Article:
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    Do you have questions about celiac disease or the gluten-free diet?

Haylsinator

Ok, Not To Be A Total Skeptic...

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Is this for real? 1/60th a teaspoon of wheat flour had a traceable reaction? That's crazy! Do you happen to know where this study was stated? I'd love to read about it.

I'm wondering if I should go completely unprocessed. I'll have to review what I eat and see if I can make the modifications.

Again, thank you for all of the responses. It's been an extremely interesting and educational read!

federico biagi, "a milligram of gluten a day keeps the mucosal recovery away: a case report" nutritional reviews 2004

found this in "The Gluten Effect" by Drs.Petersens

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I know it was said before, but...yeah, this is pretty much absolutely true, best we can tell.

- studies on how well cleaning works on machines in the food industry are not done for every type of protein, but rather for a generic 'best guess.' The only study I've found that was done to determine how well cleaning protocols work on our food processing machinery for specific proteins only looked at a few, and discovered that the effectiveness differs by protein. The difference was 15% or less of the protein remaining, as I recall. But I have found no studies on how effective cleaning protocols are on gluten, specifically.

- On a personal level, restaurants and shared households are more of a risk, most definitely. My own household is gluten free completely, down to our soaps, but we have some differing levels of sensitivity. I cannot use any pans, pots, or even plates that the rest of my family uses without scouring them out again, AFTER washing in the dishwasher, or about half the time I get sick off of them. I cannot eat out at restaurants without getting quite sick. My own symptoms are not gastro-intestinal but rather neurological, so they are fairly specific and easy to differentiate from my allergies as a result.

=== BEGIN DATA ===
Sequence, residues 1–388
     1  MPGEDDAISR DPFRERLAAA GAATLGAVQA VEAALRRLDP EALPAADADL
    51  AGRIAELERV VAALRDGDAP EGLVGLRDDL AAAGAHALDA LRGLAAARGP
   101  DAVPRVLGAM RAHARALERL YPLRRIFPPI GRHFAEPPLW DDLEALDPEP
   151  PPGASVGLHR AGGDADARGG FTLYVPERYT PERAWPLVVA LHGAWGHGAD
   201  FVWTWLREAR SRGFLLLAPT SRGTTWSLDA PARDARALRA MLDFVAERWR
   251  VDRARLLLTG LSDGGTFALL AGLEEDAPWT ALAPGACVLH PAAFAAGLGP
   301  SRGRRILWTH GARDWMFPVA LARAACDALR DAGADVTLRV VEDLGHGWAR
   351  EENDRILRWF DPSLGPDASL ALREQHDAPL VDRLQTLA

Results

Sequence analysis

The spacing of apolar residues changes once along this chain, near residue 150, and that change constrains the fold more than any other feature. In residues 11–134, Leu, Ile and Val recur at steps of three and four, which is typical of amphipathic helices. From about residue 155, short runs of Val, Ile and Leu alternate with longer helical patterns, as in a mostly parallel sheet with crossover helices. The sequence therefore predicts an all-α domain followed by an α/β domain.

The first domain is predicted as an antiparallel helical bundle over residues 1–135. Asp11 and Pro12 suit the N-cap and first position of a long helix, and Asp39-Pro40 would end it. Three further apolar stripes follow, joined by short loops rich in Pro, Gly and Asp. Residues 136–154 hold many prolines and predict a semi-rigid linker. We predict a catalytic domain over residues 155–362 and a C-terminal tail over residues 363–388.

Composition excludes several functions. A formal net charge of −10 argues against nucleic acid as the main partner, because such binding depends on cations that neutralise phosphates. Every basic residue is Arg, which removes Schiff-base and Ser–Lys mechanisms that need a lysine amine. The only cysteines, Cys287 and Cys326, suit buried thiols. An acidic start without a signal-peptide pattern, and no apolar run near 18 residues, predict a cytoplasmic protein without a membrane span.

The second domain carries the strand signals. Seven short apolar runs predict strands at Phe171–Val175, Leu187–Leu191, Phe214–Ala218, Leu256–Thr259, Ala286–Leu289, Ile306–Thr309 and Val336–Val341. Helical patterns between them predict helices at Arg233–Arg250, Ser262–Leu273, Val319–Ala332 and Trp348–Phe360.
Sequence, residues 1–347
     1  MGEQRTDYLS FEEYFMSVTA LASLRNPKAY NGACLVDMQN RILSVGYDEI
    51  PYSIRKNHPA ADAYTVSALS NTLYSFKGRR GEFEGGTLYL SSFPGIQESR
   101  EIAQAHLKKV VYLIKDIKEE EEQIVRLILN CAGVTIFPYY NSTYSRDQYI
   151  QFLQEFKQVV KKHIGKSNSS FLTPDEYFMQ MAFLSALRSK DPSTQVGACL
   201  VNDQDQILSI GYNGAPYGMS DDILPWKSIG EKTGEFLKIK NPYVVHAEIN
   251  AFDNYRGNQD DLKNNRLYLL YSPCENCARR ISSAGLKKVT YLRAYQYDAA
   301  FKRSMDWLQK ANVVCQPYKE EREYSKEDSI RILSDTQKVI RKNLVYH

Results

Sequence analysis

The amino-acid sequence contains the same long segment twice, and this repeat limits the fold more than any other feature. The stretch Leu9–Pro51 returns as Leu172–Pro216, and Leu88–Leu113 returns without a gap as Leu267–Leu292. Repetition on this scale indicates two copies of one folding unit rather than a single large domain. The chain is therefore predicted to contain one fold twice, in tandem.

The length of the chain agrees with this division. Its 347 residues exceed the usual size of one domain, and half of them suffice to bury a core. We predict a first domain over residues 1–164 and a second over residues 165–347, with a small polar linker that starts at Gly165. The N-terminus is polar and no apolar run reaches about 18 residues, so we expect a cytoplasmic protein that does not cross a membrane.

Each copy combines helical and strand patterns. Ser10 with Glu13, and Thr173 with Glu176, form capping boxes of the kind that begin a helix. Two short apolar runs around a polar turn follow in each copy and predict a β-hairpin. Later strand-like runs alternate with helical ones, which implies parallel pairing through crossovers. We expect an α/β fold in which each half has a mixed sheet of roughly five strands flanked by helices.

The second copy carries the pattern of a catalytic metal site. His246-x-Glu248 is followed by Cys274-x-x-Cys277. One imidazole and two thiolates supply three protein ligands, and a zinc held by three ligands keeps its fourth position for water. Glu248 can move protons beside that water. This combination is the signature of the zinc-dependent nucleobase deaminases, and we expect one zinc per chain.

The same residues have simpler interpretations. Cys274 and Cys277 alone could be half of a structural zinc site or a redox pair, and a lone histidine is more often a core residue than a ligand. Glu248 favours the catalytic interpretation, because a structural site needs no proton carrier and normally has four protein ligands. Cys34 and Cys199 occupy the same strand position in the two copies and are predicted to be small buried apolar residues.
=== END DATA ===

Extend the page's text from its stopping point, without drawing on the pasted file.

- I don't believe my own difficulties are an isolated incident. A study was published in The American Journal of Gastroenterology last year on how well celiacs are healing. Out of 241 adults, 57% of those who had strict adherence to their diets were still showing intestinal tissue damage after 5 years. (an article re: the study can be found here: http://www.healthnowmedical.com/blog/2011/04/20/why-do-some-with-celiac-disease-never-heal/ )

Personally, from my own experience, one hypothesis on why people are not healing may be that our 'gluten free' diet is not as gluten free as many of us may need it to be. Symptom free may not be 'damage free,' as it were. I do not know if this is the case, obviously, but most doctors are NOT biochemists or very knowledgeable about the food supply, and so do not realize how easily and frequently we can get gluten even on a very strict gluten free diet. As a result, a possible solution is almost never to try an even MORE gluten free diet than one has been previously on.

shauna

+1

good post.

also good to know that i'm not the only one who can't eat in resturants. i agree that symtom free is not the same as damage free, as far as we know.